The Bruins were in a similar position in 2010 to where they are now. (Elsa/Getty Images)
It’s been a while since the Bruins approached the Christmas break as a fringe playoff team. The last time it happened, however, they won the Stanley Cup.
Dec. 23, 2010 was a critical day in that ultimately successful season. The Bruins, coming off a postseason collapse against the Flyers the previous spring, were struggling.
Offseason acquisition Nathan Horton, who was in the midst of what would be a nine-game slump with no goals and one assist, was looking like a very talented non-factor who appeared to be bringing Milan Lucic down with him.
The team was going through the motions and it was taking them nowhere. It led to the Bruins losing four of five games, punctuated by a troubling no-show in a 3-0 shutout loss to the Ducks on Garden ice. Claude Julien, who historically is a set-it-and-forget-it guy with his lines, pulled Horton off the top line and replaced him with Blake Wheeler in that game.
After that 3-0 loss, the eighth-place Bruins had two days off before they would host the Thrashers in their final game before the holiday break. Those two days were the height of “Fire Claude Mania.”
In his weekly interview with CBS radio, President Cam Neely was asked if they were going to fire the coach. Neely said the Bruins weren’t, but did say, “I can understand why the fans are frustrated and may be calling for a coaching change.”
Dennis Seidenberg doesn’t remember too many specifics about the mood of the team at that point, only saying Tuesday that “it was really dead.”
Then, on Dec. 23, the Bruins came out and absolutely ran over the Thrashers. Shawn Thornton fought Eric Boulton off the faceoff and spent the next five minutes in the penalty box devising a plan to score two goals in the game. Patrice Bergeron had a shorty. Michael Ryder had a power play goal. Lucic sucker-punched Freddy Meyer and somehow didn’t get suspended.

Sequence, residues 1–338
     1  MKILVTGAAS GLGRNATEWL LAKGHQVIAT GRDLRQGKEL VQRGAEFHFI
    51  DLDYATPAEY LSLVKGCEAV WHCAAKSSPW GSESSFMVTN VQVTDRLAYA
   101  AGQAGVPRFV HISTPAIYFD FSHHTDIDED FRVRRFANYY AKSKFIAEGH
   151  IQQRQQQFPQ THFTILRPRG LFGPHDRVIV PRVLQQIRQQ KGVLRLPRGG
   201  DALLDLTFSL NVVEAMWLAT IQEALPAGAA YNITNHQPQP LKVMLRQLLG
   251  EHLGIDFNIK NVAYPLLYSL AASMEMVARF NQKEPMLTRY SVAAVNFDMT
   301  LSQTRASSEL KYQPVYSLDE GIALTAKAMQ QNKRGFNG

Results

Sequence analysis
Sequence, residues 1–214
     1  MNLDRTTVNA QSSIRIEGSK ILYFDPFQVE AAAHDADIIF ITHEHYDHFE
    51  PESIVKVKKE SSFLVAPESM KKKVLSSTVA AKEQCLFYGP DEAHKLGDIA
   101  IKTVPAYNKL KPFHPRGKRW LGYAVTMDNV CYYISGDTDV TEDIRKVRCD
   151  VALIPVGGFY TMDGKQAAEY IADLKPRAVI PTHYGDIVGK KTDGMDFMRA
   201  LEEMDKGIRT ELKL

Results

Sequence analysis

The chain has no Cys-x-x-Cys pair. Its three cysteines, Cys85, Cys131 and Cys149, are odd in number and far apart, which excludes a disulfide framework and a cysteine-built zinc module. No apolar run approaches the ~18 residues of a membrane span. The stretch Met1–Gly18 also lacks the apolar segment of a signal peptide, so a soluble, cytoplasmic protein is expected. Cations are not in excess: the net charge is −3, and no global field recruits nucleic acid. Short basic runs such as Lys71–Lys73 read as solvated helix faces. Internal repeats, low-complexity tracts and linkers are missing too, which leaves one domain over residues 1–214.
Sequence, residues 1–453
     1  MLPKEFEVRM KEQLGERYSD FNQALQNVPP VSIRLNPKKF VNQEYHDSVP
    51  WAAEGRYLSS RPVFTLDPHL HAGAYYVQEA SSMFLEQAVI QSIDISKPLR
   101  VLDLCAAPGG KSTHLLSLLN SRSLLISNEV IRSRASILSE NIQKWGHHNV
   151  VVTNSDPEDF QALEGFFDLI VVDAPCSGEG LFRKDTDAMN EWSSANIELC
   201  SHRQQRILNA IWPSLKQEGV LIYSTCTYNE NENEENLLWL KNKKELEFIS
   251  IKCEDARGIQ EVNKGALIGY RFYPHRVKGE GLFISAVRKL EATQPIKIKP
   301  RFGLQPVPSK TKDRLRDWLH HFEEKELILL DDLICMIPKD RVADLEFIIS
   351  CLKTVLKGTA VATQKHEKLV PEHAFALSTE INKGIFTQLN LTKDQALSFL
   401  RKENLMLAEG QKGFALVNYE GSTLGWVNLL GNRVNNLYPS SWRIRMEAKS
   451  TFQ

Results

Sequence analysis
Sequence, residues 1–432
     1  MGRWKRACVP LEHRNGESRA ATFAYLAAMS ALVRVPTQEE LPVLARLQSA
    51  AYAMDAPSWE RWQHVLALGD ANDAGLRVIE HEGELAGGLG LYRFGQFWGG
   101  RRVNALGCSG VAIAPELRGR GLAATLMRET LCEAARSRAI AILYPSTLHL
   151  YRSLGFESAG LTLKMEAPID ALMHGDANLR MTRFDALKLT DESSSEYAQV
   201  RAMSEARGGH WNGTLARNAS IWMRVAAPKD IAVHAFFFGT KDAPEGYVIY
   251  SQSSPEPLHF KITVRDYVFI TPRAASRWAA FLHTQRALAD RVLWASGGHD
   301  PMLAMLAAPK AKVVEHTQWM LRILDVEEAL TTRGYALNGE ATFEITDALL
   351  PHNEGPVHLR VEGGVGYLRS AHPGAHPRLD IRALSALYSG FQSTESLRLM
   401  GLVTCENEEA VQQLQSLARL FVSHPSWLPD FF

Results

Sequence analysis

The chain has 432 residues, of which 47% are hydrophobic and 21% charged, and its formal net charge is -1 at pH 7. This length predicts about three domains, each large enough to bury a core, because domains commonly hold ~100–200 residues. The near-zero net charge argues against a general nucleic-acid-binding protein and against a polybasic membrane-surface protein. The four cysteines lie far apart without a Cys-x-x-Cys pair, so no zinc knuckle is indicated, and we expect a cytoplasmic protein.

Ference fought. Horton fought. Marc freaking Savard fought. The game was an explosion of emotions and every bit the coming out party that the team had forgotten to have earlier in the season.
“I think that was definitely a defining game for us,” Brad Marchand said Tuesday. “We turned it on and really didn’t look back.”
The point of all this nostalgic crap is that teams have been here before and they’ve gotten out of it. Rarely do they in the fashion that they B’s did in 2010-11, but the similarities – even down to leaving the goaltender out to dry — are there between this season and that one.
‘When I look back to that year, that was my first year [in Boston] and there were a lot of new faces as well, so I guess you could see the parallels between that team and this team,” Gregory Campbell said. “It just seemed like it took a while for us to jell, to mesh as a team.
“I think what we’re trying to get to here is – we’ve done a lot in the last four seasons and they’ve all produced different outcomes,” Campbell said. “Winning the Presidents’ Trophy, we lost in the second round. We had some uncertainty in 2010-11 where it wasn’t the best regular season and we ended up winning the Stanley Cup. I think we’re just trying to get to a level of consistency here where, hopefully we find that. Maybe it does take a game like that Atlanta game.”
The Bruins can only hope that amidst all their turmoil this season, they can find a way to turn it around, but they’d be kidding themselves if they were to think they could do it the same way as they did back then.
Thornton is in Florida and Adam McQuaid is hurt. It’s less likely the Bruins will run over a team simply by beating them up the way they did with Atlanta, but they could – and just spitballing here — have more than two lines show up. Campbell’s line, which owned that Atlanta game, could do something for the third or fourth time all season.
The point is they can be better, and doing so now could pay big dividends.
“I mean, it doesn’t happen in one game, but one game, when it’s a full team effort, the shift in energy is incredible, what it can do for a team,” Campbell said. “Especially with a three-day break following, you sit on that game. It certainly gets you excited to come back. Not to say that three days is a long time, but if you end on a good note, you can go and regroup and really be excited for the second half of the season.”